If it seems as though you spend a lot of time administering antihypertensives to your patients, it’s probably because you do. About 30% of Americans and as many as 60% of hospitalized patients have hypertension.
And they aren’t the only big numbers. At least a hundred antihypertensives from six drug classes are available, and many patients need some combination of these drugs to control their hypertension. That presents a real challenge for nurses who need to know the actions, adverse effects, nursing considerations, and patient teaching points for all these drugs.
Hypertension is called the silent killer because many people have it but don’t know they do until complications develop. To aid early detection, the Joint National Committee on the Prevention, Detection, Evaluation, and Treatment of High Blood Pressure created a prehypertension category. (See Prehypertension and hypertension: By the numbers.)
The American Heart Association defines hypertension as any of the following:
- having an untreated systolic blood pressure of 140 mm Hg or higher
- having a diastolic blood pressure of 90 mm Hg or higher
- taking antihypertensives
- being told at least twice by a physician or other healthcare professional that you have hypertension.
Types of hypertension
The two major types of hypertension are primary (also called essential) and secondary. Primary hypertension, or hypertension without a known cause, accounts for more than 90% of hypertension diagnoses. Major risk factors for primary hypertension are related to lifestyle and family history or genetics. Fortunately, people can change their lifestyle, and an awareness of a family history or genetic tendency can help motivate them to do so. The condition is more common and more severe in non-Hispanic blacks, elderly people, and obese people. The goal of therapy for primary hypertension is control, not cure.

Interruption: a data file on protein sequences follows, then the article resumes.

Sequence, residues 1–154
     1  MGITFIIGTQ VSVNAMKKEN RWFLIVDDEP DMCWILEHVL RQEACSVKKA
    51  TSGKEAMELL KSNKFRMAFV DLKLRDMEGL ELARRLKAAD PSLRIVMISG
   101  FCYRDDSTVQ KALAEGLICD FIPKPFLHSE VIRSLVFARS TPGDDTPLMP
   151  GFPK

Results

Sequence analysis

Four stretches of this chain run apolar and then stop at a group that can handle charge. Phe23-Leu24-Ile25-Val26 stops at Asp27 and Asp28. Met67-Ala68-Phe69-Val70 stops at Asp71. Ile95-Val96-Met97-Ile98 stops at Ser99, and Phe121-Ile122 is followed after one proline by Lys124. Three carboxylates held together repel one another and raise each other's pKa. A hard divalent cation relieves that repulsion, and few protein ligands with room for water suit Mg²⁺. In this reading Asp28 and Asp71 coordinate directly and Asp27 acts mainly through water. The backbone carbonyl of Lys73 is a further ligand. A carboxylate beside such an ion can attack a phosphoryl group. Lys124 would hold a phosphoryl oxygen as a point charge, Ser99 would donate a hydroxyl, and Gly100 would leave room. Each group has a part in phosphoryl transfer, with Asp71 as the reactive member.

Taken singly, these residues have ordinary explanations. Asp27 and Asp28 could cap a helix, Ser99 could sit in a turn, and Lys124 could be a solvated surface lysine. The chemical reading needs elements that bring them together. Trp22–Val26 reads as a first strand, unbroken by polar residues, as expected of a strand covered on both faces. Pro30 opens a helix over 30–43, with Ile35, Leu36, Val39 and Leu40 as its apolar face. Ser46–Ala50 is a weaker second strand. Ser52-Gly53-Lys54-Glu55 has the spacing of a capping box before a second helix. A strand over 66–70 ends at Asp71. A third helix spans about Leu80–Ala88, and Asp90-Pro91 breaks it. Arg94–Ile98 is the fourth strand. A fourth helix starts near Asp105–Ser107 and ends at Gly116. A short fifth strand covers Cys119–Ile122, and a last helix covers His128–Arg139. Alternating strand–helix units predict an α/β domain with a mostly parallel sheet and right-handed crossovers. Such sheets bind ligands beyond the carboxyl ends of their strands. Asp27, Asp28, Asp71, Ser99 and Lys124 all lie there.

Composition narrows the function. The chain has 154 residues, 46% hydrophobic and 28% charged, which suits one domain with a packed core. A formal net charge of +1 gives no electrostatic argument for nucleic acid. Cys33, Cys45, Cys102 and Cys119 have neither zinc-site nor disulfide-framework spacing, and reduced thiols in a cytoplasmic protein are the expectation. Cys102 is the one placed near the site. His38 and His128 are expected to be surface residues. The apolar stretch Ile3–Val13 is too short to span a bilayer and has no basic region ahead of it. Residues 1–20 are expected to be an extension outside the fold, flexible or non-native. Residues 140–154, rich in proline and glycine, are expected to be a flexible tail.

Secondary hypertension results from conditions such as kidney disease, thyroid disease, pheochromocytoma, preeclampsia, and obstructive sleep disorder. If the condition is successfully treated, the hypertension resolves.
Other types of hypertension include isolated systolic hypertension (ISH), resistant hypertension (RH), and white-coat hypertension (WCH). More common in the elderly, ISH is a condition in which only the systolic blood pressure is elevated. Age and obesity are associated with RH, defined as high blood pressure that persists despite therapy with three antihypertensives from different classes including a diuretic. A person whose blood pressure rises when measured by a healthcare professional has WCH.
Regardless of the type, a hypertensive patient needs therapy. For every 20/10 mm Hg increase in blood pressure above 115/75 mm Hg, the risk of cardiovascular disease doubles.
Blood pressure regulation
Blood pressure regulation depends on these factors:
- fluid volume, or the pressure exerted by fluid on the vessel walls
- heart rate and contractility, or the force exerted when pushing blood out of the heart
- resistance of the peripheral blood vessels.
All hypertensive therapy focuses on one or more of these factors, whose physiology involves a complex interplay of the renin-angiotensin-aldosterone system (RAAS), hormones of the sympathetic nervous system, peripheral autoregulatory components, vascular endothelial mechanisms, and fluid and electrolytes.